Now I have the opposite problem: she feels like a person to me already. We decided to have a third because we felt like there was someone missing – now it feels like there’s a space shaped like her, waiting for her to step into it. I am in, all the way. I am so excited, which means I have lots to lose. My brain likes to remind me of it at 11.30pm.

But I am getting ready. Do you hear me, love? I am trying to be ready: for a last labour, a last first newborn cry, a last whirl through breastfeeding and weaning and sleep schedules. There’s a lot for me to get wrong, but her brothers will be able to tell her plenty about that. Barbara Kingsolver wrote something about last babies that made me sob the first time I read it, long before I had any of my own, and I think about it often now:

‘the baby who trails her scent like a flag of surrender through your life when there will be no more coming after…

She’s the one you can’t put down’.

It seems like a good plan, and I’m sticking to it.

To the Chinese cabbage in my uterus, with love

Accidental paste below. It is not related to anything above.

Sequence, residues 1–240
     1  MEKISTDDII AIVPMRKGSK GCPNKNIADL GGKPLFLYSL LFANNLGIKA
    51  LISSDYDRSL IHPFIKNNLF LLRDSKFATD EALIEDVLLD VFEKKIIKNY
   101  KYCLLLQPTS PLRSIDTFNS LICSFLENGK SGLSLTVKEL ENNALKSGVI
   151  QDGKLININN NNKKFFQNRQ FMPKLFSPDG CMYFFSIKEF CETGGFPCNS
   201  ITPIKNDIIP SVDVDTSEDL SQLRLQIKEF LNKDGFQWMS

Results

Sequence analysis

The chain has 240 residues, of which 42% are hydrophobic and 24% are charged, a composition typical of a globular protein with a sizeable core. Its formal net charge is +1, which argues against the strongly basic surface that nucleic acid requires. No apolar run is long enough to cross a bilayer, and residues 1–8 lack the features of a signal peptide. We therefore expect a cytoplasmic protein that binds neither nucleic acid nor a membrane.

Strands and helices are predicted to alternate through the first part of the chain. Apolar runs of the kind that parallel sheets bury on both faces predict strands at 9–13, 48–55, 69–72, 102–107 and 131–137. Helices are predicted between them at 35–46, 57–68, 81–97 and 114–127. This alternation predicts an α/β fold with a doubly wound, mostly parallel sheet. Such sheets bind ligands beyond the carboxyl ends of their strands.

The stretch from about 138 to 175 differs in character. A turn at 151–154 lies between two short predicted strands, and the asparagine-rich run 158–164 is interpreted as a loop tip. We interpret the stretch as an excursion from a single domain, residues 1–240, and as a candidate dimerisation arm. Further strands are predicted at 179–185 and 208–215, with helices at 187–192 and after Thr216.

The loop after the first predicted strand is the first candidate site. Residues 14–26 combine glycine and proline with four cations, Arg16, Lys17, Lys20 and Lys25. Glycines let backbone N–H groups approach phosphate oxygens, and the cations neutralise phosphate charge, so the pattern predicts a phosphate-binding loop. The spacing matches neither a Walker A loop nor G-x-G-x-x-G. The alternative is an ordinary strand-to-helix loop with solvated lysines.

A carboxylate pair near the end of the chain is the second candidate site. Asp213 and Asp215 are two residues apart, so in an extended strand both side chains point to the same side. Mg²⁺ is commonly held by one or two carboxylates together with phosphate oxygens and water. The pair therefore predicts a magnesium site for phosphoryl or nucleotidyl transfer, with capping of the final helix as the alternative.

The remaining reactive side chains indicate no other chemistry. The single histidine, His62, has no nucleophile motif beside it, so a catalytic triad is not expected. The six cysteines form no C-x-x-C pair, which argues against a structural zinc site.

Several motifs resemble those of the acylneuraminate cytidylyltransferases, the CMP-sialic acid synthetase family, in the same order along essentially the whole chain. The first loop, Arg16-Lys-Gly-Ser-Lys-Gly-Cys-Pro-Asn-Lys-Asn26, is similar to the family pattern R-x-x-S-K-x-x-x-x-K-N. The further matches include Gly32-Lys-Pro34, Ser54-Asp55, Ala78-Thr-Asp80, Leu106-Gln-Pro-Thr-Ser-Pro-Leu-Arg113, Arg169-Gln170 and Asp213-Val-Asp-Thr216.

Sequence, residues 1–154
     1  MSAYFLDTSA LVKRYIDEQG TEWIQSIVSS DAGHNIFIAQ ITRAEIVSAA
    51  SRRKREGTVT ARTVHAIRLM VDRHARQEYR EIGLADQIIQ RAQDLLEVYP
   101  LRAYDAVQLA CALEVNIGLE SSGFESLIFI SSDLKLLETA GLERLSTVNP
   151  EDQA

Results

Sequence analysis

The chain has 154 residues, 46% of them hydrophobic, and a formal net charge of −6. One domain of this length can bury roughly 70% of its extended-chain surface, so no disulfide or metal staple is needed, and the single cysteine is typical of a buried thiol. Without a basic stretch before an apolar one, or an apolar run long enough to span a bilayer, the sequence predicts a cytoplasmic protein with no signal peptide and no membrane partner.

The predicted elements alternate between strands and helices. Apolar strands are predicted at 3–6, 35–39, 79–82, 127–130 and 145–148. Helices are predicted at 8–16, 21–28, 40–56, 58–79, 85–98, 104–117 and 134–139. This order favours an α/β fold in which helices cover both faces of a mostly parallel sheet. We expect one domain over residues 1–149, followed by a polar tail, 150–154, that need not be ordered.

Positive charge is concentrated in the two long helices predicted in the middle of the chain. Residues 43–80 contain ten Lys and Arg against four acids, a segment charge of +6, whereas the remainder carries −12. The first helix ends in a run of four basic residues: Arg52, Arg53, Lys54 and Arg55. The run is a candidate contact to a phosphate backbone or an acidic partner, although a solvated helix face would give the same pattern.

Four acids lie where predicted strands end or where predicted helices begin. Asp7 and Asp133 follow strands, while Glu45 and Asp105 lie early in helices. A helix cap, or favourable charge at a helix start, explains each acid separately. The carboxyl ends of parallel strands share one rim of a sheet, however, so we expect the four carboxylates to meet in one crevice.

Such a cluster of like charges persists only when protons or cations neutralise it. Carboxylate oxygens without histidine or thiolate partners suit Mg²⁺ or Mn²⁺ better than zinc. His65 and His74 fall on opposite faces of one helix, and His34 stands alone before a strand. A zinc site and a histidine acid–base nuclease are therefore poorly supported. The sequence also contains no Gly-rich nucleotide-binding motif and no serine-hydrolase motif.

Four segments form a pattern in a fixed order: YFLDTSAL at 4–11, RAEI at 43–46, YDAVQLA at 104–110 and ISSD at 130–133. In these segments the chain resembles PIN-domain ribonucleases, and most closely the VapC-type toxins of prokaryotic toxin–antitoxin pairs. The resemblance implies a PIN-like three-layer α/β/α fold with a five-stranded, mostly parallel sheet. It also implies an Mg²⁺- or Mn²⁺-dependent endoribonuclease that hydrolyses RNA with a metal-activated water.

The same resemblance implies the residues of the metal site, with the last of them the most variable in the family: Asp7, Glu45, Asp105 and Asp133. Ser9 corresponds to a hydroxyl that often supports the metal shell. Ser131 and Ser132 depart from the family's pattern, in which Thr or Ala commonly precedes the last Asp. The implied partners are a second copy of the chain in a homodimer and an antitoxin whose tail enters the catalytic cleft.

Dear baby, welcome to the Big Third.

(trimester, that is.)


Big in all senses, of course. I am now so huge I struggle to fit my beachball face into a photograph (see above), and you are shooting out like a firework. This week you are apparently the size of a Chinese cabbage. I don’t know what a Chinese cabbage is, but the only alternative I found was an aubergine, and I’ve never had one of those in my fridge either. Do you think that if I ate a whole aubergine in one sitting, I’d feel like I were having twins? Don’t answer that.

But isn’t it about time I addressed something to you directly? Because you are the quietest member of our household by far, and the jabs under the ribs you give me are quite often eclipsed by your brother trying to swallow his nail clippers. Now we’re in the home stretch of this pregnancy I feel like you deserve a little more than chocolate milk on tap (though I hope you like chocolate milk, given the circumstances).